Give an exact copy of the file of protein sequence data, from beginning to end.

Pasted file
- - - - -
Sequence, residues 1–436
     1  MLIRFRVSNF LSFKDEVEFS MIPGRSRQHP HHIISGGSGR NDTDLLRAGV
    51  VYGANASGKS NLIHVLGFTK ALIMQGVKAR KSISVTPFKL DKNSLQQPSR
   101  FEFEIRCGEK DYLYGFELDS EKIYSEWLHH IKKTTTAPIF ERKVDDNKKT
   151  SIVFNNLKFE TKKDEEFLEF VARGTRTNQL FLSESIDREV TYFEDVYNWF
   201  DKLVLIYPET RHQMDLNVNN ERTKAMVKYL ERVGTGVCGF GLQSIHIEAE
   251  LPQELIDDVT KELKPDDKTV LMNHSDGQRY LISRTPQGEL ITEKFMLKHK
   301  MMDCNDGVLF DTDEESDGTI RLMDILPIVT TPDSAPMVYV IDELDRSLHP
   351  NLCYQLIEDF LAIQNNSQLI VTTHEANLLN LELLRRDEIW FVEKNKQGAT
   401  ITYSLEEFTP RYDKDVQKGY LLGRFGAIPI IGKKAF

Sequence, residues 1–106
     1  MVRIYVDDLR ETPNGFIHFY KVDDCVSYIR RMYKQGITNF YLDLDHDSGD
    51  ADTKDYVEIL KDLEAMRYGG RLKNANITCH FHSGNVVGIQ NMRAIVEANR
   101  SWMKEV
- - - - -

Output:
Sequence, residues 1–436
     1  MLIRFRVSNF LSFKDEVEFS MIPGRSRQHP HHIISGGSGR NDTDLLRAGV
    51  VYGANASGKS NLIHVLGFTK ALIMQGVKAR KSISVTPFKL DKNSLQQPSR
   101  FEFEIRCGEK DYLYGFELDS EKIYSEWLHH IKKTTTAPIF ERKVDDNKKT
   151  SIVFNNLKFE TKKDEEFLEF VARGTRTNQL FLSESIDREV TYFEDVYNWF
   201  DKLVLIYPET RHQMDLNVNN ERTKAMVKYL ERVGTGVCGF GLQSIHIEAE
   251  LPQELIDDVT KELKPDDKTV LMNHSDGQRY LISRTPQGEL ITEKFMLKHK
   301  MMDCNDGVLF DTDEESDGTI RLMDILPIVT TPDSAPMVYV IDELDRSLHP
   351  NLCYQLIEDF LAIQNNSQLI VTTHEANLLN LELLRRDEIW FVEKNKQGAT
   401  ITYSLEEFTP RYDKDVQKGY LLGRFGAIPI IGKKAF

Sequence, residues 1–106
     1  MVRIYVDDLR ETPNGFIHFY KVDDCVSYIR RMYKQGITNF YLDLDHDSGD
    51  ADTKDYVEIL KDLEAMRYGG RLKNANITCH FHSGNVVGIQ NMRAIVEANR
   101  SWMKEV